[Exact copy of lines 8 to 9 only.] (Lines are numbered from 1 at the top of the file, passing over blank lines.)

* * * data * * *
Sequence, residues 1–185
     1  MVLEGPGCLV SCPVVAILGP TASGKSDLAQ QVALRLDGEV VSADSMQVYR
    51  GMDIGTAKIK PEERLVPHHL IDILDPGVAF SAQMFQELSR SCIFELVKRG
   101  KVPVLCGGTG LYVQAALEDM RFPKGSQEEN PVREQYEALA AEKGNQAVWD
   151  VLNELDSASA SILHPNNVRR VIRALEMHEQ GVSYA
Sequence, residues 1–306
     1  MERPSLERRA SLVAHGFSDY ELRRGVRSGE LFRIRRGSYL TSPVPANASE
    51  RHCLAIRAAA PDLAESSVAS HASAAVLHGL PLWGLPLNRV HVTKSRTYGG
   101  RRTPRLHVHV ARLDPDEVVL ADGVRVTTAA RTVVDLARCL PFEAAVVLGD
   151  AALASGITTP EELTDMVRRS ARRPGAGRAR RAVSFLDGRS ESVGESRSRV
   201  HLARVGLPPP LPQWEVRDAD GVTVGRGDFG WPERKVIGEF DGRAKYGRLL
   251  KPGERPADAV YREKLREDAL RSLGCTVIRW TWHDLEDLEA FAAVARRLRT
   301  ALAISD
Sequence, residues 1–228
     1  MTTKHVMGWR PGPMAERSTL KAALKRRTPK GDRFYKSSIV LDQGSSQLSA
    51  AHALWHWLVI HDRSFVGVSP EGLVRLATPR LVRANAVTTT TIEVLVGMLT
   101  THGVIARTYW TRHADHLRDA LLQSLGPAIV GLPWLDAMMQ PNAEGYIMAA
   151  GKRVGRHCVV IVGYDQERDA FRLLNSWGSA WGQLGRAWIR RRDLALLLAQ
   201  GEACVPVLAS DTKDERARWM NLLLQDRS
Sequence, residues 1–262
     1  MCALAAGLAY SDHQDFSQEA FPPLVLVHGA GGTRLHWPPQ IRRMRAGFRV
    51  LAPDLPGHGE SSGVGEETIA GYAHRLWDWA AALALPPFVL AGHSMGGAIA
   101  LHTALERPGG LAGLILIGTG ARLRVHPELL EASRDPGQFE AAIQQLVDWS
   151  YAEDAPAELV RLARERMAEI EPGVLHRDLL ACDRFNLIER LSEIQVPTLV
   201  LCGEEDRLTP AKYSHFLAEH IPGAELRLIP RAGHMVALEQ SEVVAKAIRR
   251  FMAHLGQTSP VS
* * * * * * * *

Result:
    51  RHCLAIRAAA PDLAESSVAS HASAAVLHGL PLWGLPLNRV HVTKSRTYGG
   101  RRTPRLHVHV ARLDPDEVVL ADGVRVTTAA RTVVDLARCL PFEAAVVLGD